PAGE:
Kinkaid has played in over 80 games during the past couple of seasons. While not an elite goalie by any means, Kinkaid’s ability to handle a high workload is a sure bet that he can be a decent option to fill the net should anything (knock on wood) happen to Price in 2019-20.
Kinkaid’s proven to be someone who can fill a starter’s role at a moment’s notice, if only for a short period of time, and a resume like that was exactly what Bergevin wanted in a backup netminder.
The Contract at a Glance
A one-year deal for a backup goaltender is a reasonable contract for the Canadiens to take on as it presents little risk to their payroll and future plans. What might be a tad repugnant for Habs fans is the fact that the contract is valued at $1.75 million, but they should realize this is fair value and a reasonable cap hit for a goaltender of Kinkaid’s standards.
Bergevin has done well to address his offseason need for a backup behind Price and also likely views Kinkaid as an asset for not only the short-term but perhaps as a trade chip if any goalies from the farm team look like they deserve some time in the NHL. Lindgren, or perhaps even fellow Laval Rocket teammate Michael McNiven, may soon get their chance to prove themselves of being the backup of the future, but until then its Kinkaid’s job to lose.
From Bergevin’s perspective, he gains a stop-gap veteran who could be a commodity at the trade deadlinethat allows some more time for other netminders in the organization to develop. And if Kinkaid falters, burying his contract in the minors won’t be too much of a burden on the club and the deal will be done by next summer. It’s yet another piece of safe business from the master of low-risk signings.
How 2019-20 Might Play Out
What’s the worst possible outcome of this signing? Kinkaid plays like Niemi did last season and ships himself out of town. An even worse possibility would be that Kinkaid can’t stop pucks at all and Price goes down with another season-ending injury. Then the Canadiens goaltending depth will really be tested.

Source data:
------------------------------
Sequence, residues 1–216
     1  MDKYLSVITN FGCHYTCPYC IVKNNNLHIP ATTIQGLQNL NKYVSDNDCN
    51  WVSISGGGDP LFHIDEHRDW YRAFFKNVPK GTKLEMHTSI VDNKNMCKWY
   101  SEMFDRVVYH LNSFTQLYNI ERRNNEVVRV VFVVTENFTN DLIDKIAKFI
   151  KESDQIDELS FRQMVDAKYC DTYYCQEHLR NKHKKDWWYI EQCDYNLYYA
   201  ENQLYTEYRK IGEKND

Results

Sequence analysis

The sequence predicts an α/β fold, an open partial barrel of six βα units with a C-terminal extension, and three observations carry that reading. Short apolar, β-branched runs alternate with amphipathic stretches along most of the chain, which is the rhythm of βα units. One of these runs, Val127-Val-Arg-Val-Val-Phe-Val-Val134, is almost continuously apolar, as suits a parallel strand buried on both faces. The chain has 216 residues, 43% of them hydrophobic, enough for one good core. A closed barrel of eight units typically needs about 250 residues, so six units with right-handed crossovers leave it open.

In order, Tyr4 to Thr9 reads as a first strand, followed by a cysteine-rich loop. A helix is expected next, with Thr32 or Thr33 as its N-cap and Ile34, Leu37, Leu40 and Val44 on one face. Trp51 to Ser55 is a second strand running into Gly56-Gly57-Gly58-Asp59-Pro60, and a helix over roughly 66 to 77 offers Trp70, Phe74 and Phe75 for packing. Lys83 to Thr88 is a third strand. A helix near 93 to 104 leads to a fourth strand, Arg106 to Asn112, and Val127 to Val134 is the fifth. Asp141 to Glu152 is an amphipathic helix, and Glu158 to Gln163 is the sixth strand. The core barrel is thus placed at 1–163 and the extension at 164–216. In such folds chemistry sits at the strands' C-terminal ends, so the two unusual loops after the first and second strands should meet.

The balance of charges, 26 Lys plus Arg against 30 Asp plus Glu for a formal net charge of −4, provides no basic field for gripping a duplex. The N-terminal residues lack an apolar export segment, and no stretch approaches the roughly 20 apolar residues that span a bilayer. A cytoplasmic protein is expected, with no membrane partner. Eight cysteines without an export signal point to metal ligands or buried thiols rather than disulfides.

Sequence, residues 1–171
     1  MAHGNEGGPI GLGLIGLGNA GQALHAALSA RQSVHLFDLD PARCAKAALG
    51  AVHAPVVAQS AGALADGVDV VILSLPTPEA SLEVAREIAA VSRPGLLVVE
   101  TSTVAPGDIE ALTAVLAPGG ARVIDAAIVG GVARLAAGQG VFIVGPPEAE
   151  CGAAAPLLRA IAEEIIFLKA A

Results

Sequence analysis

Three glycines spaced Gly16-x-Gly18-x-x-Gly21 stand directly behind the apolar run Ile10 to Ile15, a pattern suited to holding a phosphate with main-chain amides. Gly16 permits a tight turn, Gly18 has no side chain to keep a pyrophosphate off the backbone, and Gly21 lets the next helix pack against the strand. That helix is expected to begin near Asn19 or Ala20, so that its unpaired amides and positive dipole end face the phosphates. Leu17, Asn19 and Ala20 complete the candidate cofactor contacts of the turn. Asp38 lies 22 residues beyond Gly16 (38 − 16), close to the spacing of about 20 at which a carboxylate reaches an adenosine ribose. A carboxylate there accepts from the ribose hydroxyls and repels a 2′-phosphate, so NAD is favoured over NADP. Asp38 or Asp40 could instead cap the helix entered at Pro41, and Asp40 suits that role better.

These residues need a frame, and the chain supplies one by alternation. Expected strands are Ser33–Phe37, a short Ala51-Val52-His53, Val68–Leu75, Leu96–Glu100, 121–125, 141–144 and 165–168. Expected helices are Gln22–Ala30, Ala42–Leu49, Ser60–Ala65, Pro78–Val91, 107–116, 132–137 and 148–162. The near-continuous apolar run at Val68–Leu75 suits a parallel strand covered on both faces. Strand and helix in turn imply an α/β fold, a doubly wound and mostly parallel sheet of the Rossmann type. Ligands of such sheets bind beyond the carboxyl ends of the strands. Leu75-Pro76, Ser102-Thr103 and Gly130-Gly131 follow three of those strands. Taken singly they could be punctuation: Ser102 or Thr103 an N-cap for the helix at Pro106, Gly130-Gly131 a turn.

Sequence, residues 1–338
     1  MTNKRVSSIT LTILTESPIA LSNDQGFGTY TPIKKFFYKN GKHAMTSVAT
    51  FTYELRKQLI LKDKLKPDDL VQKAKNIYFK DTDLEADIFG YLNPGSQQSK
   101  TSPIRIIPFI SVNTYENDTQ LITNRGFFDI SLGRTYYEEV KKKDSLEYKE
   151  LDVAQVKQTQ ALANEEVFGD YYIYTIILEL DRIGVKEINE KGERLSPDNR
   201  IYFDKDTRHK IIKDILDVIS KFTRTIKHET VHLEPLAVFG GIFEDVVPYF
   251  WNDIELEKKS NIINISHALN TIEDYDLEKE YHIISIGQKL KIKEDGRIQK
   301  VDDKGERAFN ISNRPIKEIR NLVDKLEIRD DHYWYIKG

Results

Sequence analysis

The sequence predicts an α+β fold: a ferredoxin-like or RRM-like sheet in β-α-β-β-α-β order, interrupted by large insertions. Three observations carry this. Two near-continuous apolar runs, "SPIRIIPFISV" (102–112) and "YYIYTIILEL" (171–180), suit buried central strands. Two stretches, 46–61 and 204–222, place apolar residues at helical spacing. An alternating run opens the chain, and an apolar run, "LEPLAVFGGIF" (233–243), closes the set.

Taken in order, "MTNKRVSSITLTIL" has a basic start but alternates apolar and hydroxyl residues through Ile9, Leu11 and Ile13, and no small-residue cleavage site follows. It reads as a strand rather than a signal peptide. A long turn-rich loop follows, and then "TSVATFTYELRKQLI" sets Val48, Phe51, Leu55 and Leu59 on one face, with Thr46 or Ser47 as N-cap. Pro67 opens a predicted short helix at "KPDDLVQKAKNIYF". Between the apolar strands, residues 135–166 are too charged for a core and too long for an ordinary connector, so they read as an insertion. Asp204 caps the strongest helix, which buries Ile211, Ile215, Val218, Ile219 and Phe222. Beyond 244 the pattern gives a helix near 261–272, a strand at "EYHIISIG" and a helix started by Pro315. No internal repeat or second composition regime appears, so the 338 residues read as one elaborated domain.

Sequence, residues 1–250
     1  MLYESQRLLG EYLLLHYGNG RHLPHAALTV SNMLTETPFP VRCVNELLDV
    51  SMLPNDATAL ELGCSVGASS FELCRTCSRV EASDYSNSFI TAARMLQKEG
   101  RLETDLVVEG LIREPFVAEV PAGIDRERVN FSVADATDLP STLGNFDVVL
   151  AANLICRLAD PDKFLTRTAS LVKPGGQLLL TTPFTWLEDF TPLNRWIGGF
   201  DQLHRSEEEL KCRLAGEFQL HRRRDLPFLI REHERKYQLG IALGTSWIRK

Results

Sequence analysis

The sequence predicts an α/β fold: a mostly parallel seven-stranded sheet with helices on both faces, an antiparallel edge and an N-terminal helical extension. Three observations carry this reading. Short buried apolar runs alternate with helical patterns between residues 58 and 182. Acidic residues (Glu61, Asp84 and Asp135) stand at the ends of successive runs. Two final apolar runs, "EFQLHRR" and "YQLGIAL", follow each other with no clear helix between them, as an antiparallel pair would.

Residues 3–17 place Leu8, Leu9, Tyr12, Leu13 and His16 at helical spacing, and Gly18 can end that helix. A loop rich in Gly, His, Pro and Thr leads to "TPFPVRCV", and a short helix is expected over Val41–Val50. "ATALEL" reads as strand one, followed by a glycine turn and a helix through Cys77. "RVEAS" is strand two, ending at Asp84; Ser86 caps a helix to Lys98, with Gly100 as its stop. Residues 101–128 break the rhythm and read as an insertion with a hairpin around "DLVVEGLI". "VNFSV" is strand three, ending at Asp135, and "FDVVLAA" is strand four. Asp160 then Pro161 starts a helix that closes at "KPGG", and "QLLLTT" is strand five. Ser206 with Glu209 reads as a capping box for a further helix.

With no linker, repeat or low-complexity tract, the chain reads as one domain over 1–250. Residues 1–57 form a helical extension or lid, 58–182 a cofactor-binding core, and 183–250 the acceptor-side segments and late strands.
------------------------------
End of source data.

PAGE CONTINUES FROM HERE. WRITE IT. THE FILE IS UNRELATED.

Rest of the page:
The best-case scenario would be that Kinkaid proves himself worthy of playing close to half the season and compiling twenty wins. Better still, if Price ever does get sidelined, Kinkaid carries the Canadiens to a playoff spot much like he did with the Devils and proves Bergevin right for snatching him up on July 1.
A more realistic expectation for Kinkaid, however, is that he’ll provide the Canadiens with solid goaltending behind Price. Even if Kinkaid only manages to win half of his starts, it’ll be more than helpful to aiding the Canadiens in their quest to return to the playoffs and a significant improvement over his predecessor.
But make no mistake Canadiens fans, Kinkaid has the ability to provide the team with far more than what they’ve come to expect from a backup goalie. It’ll just be up to him to prove it.
Born and raised in Montreal, QC, Canada, Sean Garland has been following the Montreal Canadiens since 1998. A graduate of Carelton University in Ottawa, ON, Sean began writing for All Habs before launching his own hockey blog where he wrote articles concerning the entire NHL. He joined The Hockey Writers in the summer of 2019, where he continues to share his unique insights with fellow fans and readers.